Well, so much for calm predictability. The new year has launched my little clan into unfamiliar territory. We are faced with making some major decisions about our immediate future and none of our options bring much comfort. This fork in our road promises nothing of smooth travels or easy navigation. Decisions we make now will greatly affect our home, careers and finances. Initially my husband and I questioned and feared the possible outcomes separately, not knowing if the other felt the same reservations. There is no greater fear than assuming you stand alone in the face of a major dilemma. However once we began to talk things out openly and honestly, a few things were recalled.
As always I was able to make parallels between lessons learned from my life experience and my running experience. I remembered those glory days in my running past when I put in long hours of cross training and speed work at the track, preparing my body to function well in tough road races of the upcoming season. It never failed. When I put in the hard work in a practice setting, I almost always performed well at showtime. When I slacked off and skipped the hard parts, my body grew weaker as a result. When I think back on the events from this past year (see my blog entry A Year in Retrospect), I can see how that time was a test of sorts. We were stripped of our safety net and unceremoniously thrown out of our comfort zone. The entire year was hard and unpredictable as we moved from day to day with no guarantees of a happy ending. It also changed us, strengthening our resolve with every hurdle we cleared. The first time around the track was tough, but our stride became smoother the second and third time around as muscle memory took over and carried us. The parallels are clearer to me now. God did not make me a bull-headed stubborn chic without a plan. Now I just have to trust in my gut that all this "training" has been preparing me for something.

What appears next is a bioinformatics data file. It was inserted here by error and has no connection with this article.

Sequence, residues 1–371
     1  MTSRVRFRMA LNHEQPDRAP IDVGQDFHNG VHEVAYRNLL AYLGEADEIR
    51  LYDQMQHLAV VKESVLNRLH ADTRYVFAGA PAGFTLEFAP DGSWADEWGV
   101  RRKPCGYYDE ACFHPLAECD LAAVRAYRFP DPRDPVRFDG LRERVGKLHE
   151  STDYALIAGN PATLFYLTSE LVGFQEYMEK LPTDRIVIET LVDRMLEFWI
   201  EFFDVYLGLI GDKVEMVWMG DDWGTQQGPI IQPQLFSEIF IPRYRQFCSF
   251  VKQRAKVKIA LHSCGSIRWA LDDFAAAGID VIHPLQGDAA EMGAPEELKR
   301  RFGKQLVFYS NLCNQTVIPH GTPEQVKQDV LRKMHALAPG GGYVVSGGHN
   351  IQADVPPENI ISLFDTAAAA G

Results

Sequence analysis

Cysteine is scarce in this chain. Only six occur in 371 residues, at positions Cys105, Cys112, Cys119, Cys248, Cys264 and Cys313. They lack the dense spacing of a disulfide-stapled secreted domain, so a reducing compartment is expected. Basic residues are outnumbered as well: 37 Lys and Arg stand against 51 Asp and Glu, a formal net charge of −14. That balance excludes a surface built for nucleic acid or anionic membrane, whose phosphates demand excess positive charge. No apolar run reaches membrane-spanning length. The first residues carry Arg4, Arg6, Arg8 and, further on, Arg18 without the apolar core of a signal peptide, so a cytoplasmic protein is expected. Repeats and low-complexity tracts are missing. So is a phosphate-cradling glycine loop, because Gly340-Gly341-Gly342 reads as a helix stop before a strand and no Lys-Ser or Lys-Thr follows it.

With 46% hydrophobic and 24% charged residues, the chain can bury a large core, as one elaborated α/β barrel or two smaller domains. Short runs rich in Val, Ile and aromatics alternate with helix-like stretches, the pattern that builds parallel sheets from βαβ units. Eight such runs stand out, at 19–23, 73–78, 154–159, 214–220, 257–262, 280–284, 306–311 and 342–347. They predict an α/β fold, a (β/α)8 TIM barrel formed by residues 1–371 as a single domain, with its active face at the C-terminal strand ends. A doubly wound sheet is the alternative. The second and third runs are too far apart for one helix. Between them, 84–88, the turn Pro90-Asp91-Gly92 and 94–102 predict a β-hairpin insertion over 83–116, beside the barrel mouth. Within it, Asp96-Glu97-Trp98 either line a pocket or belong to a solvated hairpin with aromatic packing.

My prayers have always been consistent in asking for guidance. Childishly, I always ask that as I go through life, God will make my path littered with flashing neon signs telling me which way to turn. I want all opposing options to be so distinct that I sense immediately which direction I am supposed to follow when the critical time comes. This is where I find myself now. Terrifying as they appear, God has unveiled a couple of those flashing neon signs to me. Had we not gone through some of the turbulence of the past year, we might be more apprehensive right now. Those events were part of our base training and muscle building phase, and the next few upcoming months will be showtime. Although I don't know what is going to happen, I do know that I am stronger in mind and spirit today than this time a year ago. All that confusion and unpredictability was merely a strength building period that left me tougher and ready to tackle our current dilemma with maturity and focus. After all, we will never know what treasure awaits us unless we keep pushing forward to find it. With my faith as my guide, I know that treasure will be revealed soon, very soon.